2. Bonus: I instituted a bonus system which ensures that a certain percentage of our income is shared among our teams. The implication is that everyone has an idea that a good year would be a good Christmas. That bonus remains till today and is a key motivator to my teams making decisions to do more with less. A graduate reminded another that wasting printer ink was an attack on his bonus – he wanted it stopped! The reasoning is that any money saved by the company is money that comes back at the end of the year.
  3. Leadership: Make someone a boss and clearly a leader. Do not try to micro-manage these graduates. If you do, you would struggle because you would cage their capacities to innovate and execute. Give them a little freedom. You would not regret it. Make sure you have someone that is answerable because that will help you to ascertain progress and improve things. We had an invitation few years ago from a major foreign oil company. We sent a 23-year old graduate to make the presentation. The MD of the firm noted that he was the youngest ever presenter he has seen in his position. We do allow guys opportunities to fail and win. We got the job. The temptation would have been to show presence because you may think only you can deliver.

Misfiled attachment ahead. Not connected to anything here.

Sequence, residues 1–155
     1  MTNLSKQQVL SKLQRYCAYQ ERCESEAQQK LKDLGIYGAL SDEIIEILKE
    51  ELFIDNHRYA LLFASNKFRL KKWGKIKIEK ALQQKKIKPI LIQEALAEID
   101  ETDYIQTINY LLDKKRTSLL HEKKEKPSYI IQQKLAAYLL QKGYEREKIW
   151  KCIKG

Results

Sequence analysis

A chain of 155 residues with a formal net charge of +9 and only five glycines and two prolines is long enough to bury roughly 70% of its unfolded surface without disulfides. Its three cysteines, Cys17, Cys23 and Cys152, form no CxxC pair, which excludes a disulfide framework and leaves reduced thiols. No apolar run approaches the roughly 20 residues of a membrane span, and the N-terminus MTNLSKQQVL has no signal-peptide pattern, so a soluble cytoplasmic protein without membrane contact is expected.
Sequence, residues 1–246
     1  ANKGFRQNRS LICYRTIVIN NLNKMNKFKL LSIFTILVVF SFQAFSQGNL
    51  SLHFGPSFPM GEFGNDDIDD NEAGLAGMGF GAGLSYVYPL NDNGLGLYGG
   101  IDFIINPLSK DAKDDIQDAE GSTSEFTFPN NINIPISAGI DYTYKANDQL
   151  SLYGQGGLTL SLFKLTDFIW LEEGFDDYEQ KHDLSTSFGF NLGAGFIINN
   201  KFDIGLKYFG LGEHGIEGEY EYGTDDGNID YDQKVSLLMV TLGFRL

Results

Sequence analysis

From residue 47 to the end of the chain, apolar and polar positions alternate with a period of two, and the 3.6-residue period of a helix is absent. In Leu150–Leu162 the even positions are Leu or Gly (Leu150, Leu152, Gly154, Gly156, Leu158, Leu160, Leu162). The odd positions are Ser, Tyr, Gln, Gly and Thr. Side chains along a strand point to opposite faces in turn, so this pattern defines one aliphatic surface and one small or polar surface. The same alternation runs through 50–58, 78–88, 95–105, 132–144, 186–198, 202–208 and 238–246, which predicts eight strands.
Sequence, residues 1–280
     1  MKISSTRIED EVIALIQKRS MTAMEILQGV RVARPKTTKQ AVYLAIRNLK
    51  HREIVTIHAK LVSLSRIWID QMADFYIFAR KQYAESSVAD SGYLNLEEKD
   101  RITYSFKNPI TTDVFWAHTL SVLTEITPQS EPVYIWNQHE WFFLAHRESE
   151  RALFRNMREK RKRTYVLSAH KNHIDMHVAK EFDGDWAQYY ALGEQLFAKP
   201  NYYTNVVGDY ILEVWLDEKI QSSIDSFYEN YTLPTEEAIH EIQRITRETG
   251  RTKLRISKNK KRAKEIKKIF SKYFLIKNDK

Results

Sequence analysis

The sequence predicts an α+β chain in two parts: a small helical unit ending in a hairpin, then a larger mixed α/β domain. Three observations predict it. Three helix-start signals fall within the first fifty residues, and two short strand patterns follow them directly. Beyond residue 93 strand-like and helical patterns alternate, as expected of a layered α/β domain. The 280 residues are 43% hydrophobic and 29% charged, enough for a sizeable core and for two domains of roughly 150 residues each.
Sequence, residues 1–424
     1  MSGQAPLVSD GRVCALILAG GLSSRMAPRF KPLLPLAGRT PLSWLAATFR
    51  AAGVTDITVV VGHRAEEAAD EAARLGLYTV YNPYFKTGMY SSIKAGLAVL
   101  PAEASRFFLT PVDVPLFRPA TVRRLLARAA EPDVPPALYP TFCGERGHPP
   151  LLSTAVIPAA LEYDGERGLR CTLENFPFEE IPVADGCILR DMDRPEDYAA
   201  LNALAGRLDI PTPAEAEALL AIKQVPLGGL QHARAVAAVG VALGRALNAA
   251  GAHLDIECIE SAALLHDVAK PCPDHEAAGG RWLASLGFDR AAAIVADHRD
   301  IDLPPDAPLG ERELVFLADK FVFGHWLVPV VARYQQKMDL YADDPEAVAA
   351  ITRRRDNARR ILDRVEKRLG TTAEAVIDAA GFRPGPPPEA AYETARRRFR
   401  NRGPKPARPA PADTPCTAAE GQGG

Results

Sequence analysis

4. Execution Roadmap: Because you would not be around to run the day-to-day operations of the business, it is very important you articulate the mission and follow it with an operational manual on how to execute it. This is not a business plan. This is simply downloading your vision in a way that your leadership can easily interpret and execute it. Sure, you need to give them flexibility but setting up the stage makes things very easier. This will save you time and give you the peace of mind to continue to focus on your other things.
  5. Evolve the Mission: As you receive data during business reviews, look for things which are working. Then move deeper into those things and expand them where necessary. This means that where necessary, you can depart from the original business and move into something new. We have done that many times. When we noticed that making apps was doomed in Nigeria, we immediately pivoted to building solutions that solve real frictions in the market.